E P I LO G U E : T H E E N D U R I N G
B R A Z I L I A N FA S C I N AT I O N W I T H R A C E
In 500 years of history, Brazil has built in the tropics a country of immensely rich
culture, colored by a completely special light in its celebrations, its food, and its music.
Brazil is among the ten largest economies of the world, and its people—despite all the
di≈culties of income and education—learn fast and show an uncommon capacity to
adapt to new things or to face disaster. That is a positive inheritance stressed by many
contemporary thinkers. . . .
Grandpa came to make it in America and he lassoed grandma to satisfy his carnal
appetites. So, from an anthropological standpoint, the Brazilian su√ers from a bastard
syndrome that is reflected in his self-image and in the culture he produces.—‘‘Who Are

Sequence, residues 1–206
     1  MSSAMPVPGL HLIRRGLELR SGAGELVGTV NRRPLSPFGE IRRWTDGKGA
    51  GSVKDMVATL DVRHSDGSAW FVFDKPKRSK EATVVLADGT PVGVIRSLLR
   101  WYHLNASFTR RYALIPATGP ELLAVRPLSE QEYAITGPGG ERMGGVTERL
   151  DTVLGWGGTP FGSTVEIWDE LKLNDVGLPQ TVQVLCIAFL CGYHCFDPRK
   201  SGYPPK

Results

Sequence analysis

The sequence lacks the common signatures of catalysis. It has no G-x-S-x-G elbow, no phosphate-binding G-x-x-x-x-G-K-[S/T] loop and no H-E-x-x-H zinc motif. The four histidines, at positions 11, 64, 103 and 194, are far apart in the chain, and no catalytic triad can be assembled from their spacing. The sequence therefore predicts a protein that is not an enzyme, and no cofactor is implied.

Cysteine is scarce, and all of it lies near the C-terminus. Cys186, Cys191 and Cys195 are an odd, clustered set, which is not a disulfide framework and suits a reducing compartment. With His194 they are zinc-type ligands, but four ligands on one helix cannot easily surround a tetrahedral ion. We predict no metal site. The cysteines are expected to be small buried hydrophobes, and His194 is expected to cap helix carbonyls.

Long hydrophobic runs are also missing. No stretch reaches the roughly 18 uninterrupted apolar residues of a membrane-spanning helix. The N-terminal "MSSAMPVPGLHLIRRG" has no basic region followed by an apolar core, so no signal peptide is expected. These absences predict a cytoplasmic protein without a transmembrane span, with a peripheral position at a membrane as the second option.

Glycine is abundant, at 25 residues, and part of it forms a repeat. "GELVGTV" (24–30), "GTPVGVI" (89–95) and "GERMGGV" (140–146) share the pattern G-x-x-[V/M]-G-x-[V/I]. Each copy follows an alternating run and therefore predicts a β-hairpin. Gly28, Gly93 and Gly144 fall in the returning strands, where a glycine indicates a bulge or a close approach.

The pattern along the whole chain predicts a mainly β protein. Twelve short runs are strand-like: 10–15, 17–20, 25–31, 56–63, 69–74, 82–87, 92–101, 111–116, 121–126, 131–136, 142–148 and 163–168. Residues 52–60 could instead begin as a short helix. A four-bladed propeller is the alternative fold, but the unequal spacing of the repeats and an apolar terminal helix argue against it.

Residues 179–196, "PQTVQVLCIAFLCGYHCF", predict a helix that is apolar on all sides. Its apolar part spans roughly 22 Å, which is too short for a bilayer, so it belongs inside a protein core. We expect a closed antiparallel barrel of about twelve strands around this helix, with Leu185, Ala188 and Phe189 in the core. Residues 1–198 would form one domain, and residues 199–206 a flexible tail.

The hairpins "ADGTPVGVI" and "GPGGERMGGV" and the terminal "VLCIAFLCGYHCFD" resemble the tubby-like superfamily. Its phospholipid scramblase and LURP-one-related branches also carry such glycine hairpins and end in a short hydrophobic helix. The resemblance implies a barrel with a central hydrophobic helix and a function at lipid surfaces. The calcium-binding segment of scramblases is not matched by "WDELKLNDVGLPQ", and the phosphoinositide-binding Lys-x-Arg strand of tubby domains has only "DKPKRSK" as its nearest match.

We?’’ Veja, 20 December 2000∞
Eugenics lost scientific legitimacy in the aftermath of the Second World War,
but the institutions, practices, and assumptions it gave rise to—indeed, its
spirit—lives on. The idea of a ‘‘Brazilian race’’ endures in many areas of public
life. President Fernando Henrique Cardoso (1994–2002) repeatedly declared
that he himself ‘‘has a foot in the kitchen,’’ meaning he is in part descended
from the ‘‘black help.’’ In soccer, fans define their bond with their team
through allusions to a ‘‘Red-Stripe Race’’ (Flamengo) or a ‘‘Super-Race’’
(Gremio Mineiro). The idea of a ‘‘Brazilian race’’ surfaced in more robust
form in December 2000 as a cover story by José Edward for Brazil’s glossy
news weekly, Veja. In the story it was revealed that ‘‘researchers from Minas
Gerais [have outlined] the first genetic profile of the Brazilian, and conclude
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